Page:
TWIN MOUNTAIN, N.H. - Just north of a stretch of the Appalachian Trail in the White Mountain National Forest sits the quiet town of Carroll, New Hampshire.
While the town is far removed from the likes of East Tennessee, it's mountainous landscape with a seemingly endless sea of trees would make those used to life in the Great Smoky Mountains feel right at home.
On Thursday, another sight familiar to many people from the Smokies arose: a mother bear trying to cross the road with her cubs in tow. However, one of the cubs was lagging far behind the group.
Enter the Town of Carroll Police Department. Officers arrived to do a little 'bear traffic control' to keep on eye on the family to make sure they safely crossed the road.
Unfortunately, officers noticed the lagging cub and one other were potentially in danger because they were too weak to keep up. Police called New Hampshire Fish and Game officers for an assist.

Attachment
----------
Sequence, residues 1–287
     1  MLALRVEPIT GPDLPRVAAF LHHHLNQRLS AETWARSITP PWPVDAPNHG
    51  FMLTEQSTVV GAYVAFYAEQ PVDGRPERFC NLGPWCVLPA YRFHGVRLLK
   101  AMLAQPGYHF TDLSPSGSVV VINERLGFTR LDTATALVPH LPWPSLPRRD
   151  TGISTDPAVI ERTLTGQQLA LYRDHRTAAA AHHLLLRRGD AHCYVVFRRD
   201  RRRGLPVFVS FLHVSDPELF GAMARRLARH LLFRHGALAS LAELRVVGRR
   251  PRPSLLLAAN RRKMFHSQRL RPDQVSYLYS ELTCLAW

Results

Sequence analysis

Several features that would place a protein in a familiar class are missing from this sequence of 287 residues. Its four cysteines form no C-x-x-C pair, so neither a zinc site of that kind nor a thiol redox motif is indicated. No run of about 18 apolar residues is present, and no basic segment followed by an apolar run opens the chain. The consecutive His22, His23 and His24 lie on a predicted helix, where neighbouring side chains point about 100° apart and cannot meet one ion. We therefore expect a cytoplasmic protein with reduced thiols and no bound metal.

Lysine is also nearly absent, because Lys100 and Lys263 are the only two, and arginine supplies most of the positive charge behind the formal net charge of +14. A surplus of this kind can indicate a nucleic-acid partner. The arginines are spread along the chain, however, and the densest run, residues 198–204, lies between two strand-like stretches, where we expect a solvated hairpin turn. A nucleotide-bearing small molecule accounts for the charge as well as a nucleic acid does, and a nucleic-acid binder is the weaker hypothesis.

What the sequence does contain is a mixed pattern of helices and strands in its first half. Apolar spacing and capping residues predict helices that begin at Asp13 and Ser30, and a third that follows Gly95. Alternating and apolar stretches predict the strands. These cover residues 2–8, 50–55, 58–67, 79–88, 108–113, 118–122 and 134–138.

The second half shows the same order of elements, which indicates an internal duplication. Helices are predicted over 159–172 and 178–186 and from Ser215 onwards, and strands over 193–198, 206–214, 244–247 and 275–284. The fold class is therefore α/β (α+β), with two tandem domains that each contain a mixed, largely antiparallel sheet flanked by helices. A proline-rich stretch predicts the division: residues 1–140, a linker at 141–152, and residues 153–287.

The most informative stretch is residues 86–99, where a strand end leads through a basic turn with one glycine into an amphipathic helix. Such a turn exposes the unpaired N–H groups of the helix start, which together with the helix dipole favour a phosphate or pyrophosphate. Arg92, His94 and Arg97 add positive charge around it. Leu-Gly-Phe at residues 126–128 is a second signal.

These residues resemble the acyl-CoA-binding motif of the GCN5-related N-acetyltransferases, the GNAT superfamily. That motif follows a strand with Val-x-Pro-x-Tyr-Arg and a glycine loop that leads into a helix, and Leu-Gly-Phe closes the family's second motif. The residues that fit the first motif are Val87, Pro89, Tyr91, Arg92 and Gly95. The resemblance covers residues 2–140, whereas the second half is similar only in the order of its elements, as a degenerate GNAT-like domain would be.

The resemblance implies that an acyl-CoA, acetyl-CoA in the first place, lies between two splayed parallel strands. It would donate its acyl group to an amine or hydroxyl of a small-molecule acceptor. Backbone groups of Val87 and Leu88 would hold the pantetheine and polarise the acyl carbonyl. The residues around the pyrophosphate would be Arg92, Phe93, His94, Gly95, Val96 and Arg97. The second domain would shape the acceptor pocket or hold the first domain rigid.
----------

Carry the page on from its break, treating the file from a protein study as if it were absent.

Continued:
The wildlife officers decided it was best to rescue the two cubs and take them in for rehabilitation, and to let mom focus on caring for her three other healthy cubs.
Officers said the two cubs will be returned to the wild once they are strong enough to fend for themselves.
Bear rescues are common here in East Tennessee, too. The Appalachian Bear Rescue is well known for caring for and rehabilitating injured black bear cubs so they can have a fighting chance when they're reintroduced into the wild.
In the last two years alone, the organization has cared for more than 50 bears. Right now, they are taking care of a particularly adorable cub named Otto that loves applesauce.
You can find more updates on the cubs the organization rescues on its Facebook page.
Wildlife experts continue to stress that if people see bears to keep their distance and to never pick up or feed them. Even though the cubs are cute, they are still wild predators.
Bears that grow comfortable with human interaction and food will often find their way into nearby towns and neighborhoods, which increases the danger to both humans and bears.
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